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Assessment prior to anaesthetic procedure (12HDC00991)
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(12HDC00991, 26 November
Anaesthetist ~ Epidural steroid injection ~ Standard of care
~ Inadequate examination ~ ANZCA standards ~ Documentation ~
Professional boundaries ~ Rights 4(1), 4(2)
A woman complained about the services provided by an
anaesthetist at a private clinic, where she underwent an epidural
The woman was referred to the anaesthetist by her sports
physician for consideration of an epidural steroid injection to
help treat her chronic lower back and left leg pain. After speaking
with the anaesthetist twice on the phone, she attended a
The woman took a support person with her to the consultation.
The anaesthetist asked the woman about her history and conducted a
brief physical examination. There is no evidence that the
anaesthetist gave adequate consideration to the woman's history and
symptoms, and he did not conduct a sensory examination. The
anaesthetist documented in his notes that the woman had mostly
mechanical low back instability with a suggestion of radiculopathy
but no nerve root compression.
During the consultation, the anaesthetist talked at length about
his own health. After almost two hours in the consultation, the
anaesthetist explained the risks and benefits of the epidural
steroid injection, and the woman decided to proceed.
The Australian and New Zealand College of Anaesthetists (ANZCA)
standards for epidural injections require appropriate assistance
for major regional analgesia and that adequate sterile precautions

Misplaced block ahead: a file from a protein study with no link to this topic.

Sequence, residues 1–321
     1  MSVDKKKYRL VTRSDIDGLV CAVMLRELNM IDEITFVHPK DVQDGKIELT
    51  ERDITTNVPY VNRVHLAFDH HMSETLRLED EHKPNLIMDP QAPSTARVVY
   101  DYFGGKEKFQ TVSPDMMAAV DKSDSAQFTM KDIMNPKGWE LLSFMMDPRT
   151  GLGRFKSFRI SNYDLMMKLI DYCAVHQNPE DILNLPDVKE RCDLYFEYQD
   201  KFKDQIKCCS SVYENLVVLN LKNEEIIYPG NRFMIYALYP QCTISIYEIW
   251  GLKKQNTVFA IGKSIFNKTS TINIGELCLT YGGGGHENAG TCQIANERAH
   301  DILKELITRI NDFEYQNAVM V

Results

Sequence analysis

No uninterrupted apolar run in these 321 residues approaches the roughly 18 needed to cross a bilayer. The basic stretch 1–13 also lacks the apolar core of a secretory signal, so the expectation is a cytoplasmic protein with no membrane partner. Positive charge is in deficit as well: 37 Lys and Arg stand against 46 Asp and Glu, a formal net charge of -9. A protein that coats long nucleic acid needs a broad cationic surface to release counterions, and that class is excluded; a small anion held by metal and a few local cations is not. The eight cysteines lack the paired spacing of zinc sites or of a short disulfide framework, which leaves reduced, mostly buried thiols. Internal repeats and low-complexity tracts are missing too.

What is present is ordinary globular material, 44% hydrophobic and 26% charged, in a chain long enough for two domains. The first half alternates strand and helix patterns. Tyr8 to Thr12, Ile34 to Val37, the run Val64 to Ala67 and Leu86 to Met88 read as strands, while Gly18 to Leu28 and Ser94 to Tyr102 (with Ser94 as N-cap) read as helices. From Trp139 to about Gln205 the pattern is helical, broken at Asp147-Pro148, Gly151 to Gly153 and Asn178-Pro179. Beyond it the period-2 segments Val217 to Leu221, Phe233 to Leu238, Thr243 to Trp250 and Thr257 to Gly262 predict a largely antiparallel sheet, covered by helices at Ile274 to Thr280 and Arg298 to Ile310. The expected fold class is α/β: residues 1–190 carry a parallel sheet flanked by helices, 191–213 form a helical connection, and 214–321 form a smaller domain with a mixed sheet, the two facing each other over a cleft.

are taken. The anaesthetist did not have an assistant present
during the procedure and did not wear a gown or mask. The
anaesthetist did not record his method of identifying the epidural
space or loss of resistance, or any observations made during the
The woman experienced significant pain following the procedure
and cancelled her follow-up appointment with the anaesthetist. The
anaesthetist did not contact the woman after the procedure.
It was held that the anaesthetist did not conduct a thorough
examination of the woman prior to the epidural procedure, breaching
Right 4(1) of the Code. It was also held that the anaesthetist's
failure to use an assistant, his inadequate sterile precautions,
and his failure to document his identification of the epidural
space or loss of resistance, or whether there was any paraesthesia
or fluid backflow, did not comply with professional standards and
therefore breached Right 4(2) of the Code.
The anaesthetist also introduced his own health condition into
the consultation, which had the effect of making the woman feel
that her experience was being minimised and devalued, breaching
Right 4(2) of the Code.